THE COMPONENTS OF A SUCCESSFUL PROGRAM

Identifying goals represents an important first step in implementing a successful mentoring program. The proper formulation of goals establishes the program boundaries and expectations. Organizational goals may include improving employee retention rates, enhancing the match between employees and jobs, increasing employee job satisfaction and loyalty, facilitating the professional growth of proteges, and teaching organizational culture, values, and standards.

Input on organizational goals can and should come from all members of the organization. In the Lansing Police Department (LPD), the mentoring coordinator conducted a series of focus groups, including a representative mix of supervisory and nonsupervisory personnel from every area of the department, as well as individuals from the academy and the police union. These sessions provided critical, substantive input on every aspect of the proposed program. Every sworn officer with 3 or more years of service with the department (205 actual) completed a survey to provide feedback on a mentoring program, including any potential barriers to implementation, accessibility, and acceptability. Sworn personnel with fewer than 3 years of service (49 actual) completed another survey designed to elicit the positive and negative experiences they had encountered during their probationary year with the department. Respondents to both surveys could remain anonymous.

All of this research and data helped the coordinator to identify the LPD's needs and goals--employee retention and professional growth--while defining the mentor program structure and implementation strategy. At the same time, the anonymous surveys and focus group sessions allowed participants to provide honest and objective input and also enhanced support for the program.

In fact, a mentoring program cannot succeed without support from all levels of the organization, especially senior management. Moreover, the institutional commitment must be more than mere words. It includes policy statements, allocation of physical and financial resources, active recruitment by and involvement of administrators in the program, inclusion of mentoring as a consideration for promotion, and public speeches by administrators about the progress and accomplishments of the program. Building on this firm foundation, agency personnel provide the framework for a solid mentoring program.

Selecting, Training, and Pairing Participants

The selection and training of mentors represent critical components of a successful program. Mentoring research in the United Kingdom reveals that mentor criteria fall into three areas: being a good role model, offering guidance and counseling, and possessing strong knowledge and experience within one's profession. [4] As a role model, a mentor should be adaptable, understanding, reliable, conscientious, and articulate. To provide guidance and counseling, a mentor should have a supportive demeanor and good interpersonal skills and remain accessible. Demonstrated professional ability and experience, as well as a philosophical grasp of mentoring, complete the picture of a mentor.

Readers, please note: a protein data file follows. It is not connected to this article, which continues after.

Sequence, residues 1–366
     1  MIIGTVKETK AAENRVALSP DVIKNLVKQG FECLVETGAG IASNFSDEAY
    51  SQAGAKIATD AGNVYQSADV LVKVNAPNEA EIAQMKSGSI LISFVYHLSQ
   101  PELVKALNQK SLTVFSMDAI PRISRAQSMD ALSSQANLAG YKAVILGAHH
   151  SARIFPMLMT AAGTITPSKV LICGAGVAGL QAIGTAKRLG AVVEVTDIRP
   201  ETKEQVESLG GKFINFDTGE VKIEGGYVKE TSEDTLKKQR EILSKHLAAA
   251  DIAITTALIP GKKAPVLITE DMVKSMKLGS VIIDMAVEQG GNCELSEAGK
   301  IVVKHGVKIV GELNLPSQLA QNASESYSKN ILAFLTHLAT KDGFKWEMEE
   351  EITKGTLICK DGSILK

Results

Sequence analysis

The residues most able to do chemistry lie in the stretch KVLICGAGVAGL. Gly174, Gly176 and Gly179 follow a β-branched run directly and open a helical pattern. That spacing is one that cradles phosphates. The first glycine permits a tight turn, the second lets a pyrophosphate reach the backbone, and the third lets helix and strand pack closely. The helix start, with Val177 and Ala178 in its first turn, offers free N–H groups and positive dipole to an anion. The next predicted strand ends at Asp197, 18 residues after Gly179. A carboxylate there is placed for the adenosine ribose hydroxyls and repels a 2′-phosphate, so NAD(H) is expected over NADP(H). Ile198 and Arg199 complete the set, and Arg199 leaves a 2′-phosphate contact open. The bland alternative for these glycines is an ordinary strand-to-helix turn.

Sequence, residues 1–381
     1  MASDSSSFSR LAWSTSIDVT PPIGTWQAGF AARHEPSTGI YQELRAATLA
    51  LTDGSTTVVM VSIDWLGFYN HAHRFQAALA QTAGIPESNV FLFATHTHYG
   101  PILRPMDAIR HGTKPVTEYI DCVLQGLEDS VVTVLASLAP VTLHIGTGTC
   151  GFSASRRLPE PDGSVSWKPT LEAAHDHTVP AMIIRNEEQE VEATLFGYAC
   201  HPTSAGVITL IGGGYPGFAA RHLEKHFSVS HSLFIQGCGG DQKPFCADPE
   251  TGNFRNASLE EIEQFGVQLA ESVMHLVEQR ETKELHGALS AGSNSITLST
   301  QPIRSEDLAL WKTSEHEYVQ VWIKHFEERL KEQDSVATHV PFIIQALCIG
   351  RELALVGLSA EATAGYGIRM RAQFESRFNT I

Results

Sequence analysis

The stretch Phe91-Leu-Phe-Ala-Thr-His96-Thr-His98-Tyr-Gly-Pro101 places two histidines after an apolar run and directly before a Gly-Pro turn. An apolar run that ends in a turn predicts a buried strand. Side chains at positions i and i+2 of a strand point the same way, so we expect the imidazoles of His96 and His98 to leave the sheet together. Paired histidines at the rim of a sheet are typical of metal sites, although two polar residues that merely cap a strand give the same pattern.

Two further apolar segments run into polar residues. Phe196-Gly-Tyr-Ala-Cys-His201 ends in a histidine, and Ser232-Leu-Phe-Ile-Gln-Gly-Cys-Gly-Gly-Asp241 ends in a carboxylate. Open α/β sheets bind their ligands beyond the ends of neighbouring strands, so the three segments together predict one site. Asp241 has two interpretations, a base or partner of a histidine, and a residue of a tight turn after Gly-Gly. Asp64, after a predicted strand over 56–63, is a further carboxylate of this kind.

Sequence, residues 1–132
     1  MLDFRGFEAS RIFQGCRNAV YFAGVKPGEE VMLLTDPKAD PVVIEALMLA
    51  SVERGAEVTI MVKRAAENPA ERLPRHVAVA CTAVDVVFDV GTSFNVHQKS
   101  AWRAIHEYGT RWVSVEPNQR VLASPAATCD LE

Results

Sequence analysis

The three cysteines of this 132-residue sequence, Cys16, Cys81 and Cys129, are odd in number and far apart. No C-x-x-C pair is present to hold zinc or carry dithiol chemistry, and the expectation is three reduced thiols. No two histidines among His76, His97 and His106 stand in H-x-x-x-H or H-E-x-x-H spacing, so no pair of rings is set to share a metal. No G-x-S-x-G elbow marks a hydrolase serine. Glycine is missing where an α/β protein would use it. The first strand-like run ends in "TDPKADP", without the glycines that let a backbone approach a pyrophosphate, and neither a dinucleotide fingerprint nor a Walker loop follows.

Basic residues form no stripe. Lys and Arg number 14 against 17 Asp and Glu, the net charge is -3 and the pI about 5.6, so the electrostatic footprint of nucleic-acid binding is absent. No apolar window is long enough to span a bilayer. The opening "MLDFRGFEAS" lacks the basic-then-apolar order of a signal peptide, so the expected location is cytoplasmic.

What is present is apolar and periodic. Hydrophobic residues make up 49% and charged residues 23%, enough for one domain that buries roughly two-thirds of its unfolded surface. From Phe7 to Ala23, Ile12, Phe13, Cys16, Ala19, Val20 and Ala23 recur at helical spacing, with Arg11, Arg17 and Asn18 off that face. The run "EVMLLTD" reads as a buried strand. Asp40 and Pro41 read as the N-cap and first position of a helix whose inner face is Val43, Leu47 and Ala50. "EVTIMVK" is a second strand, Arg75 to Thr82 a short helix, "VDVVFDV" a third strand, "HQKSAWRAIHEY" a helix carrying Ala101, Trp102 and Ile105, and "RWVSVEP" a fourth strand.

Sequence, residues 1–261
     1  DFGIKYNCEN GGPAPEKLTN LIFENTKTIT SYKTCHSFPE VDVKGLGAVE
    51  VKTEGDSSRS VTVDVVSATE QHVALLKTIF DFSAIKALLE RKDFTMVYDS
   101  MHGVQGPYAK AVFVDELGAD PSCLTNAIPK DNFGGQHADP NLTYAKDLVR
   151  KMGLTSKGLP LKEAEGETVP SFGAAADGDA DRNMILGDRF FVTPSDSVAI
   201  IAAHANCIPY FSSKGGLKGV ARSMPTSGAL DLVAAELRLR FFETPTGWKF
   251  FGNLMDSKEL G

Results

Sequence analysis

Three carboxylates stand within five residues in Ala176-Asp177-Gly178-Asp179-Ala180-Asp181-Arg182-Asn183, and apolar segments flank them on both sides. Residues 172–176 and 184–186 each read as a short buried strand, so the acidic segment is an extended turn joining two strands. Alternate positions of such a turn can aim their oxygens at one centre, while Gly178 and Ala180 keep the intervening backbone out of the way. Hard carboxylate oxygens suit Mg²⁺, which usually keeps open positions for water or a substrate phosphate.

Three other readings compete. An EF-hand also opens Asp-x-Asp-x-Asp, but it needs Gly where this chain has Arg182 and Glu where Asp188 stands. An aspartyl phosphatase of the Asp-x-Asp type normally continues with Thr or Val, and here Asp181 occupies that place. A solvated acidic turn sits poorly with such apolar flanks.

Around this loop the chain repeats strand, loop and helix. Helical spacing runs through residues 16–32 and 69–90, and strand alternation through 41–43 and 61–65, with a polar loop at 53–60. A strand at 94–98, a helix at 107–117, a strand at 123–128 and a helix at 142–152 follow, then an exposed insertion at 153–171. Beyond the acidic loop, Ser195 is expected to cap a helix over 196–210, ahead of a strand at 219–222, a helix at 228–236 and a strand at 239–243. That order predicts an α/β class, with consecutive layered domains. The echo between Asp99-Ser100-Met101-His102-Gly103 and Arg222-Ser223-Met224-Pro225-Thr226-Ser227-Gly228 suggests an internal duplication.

Selecting Mentors

Not everyone has the capacity to be a mentor. Mentors provide both practical and emotional support, [5] both knowledge and understanding. Proteges should learn from the best. Mentors should be respected in the organization, motivated, liked, confident, flexible, able to engender trust, and concerned with the development of the protege to the extent that the mentor will spend whatever time proves necessary to assist the protege. For open communication and learning to take place, both mentors and proteges should participate voluntarily.

In LPD, a departmentwide posting announces the need for mentors. Volunteers complete a questionnaire, which provides critical information used to pair mentors and proteges.

Training Mentors

All mentors should receive formal training, either in the form of in-house program meetings and workshops, external vendor seminars, or a combination thereof. The LPD mentoring program coordinator developed the department's training program based on personal research, experience, and training, which included a 2-day seminar conducted by a law enforcement consultant, a retired law enforcement officer who had pioneered a mentoring program in her own department. Agencies should develop training according to their own unique needs; however, quality training provided by qualified professionals remains paramount to program success.

LPD mentor training covers the history and roles of mentors and proteges, the success factors for mentor-protege pairings, practical hints and suggestions, and general expectations mentors and proteges have of each other. The training also contains an overview of the program structure, guidelines, policy, goals, and evaluation criteria. It also covers the FTO program, so mentors understand exactly what the department expects recruits to accomplish during their probationary periods, as well as how they should handle their proteges? concerns about the program. (Mentors should help proteges follow the proper channels to express legitimate complaints; they never should criticize the program themselves.) Mentors receive practical advice on such areas as identifying protege needs and goals, developing a trusting relationship, and being a positive role model.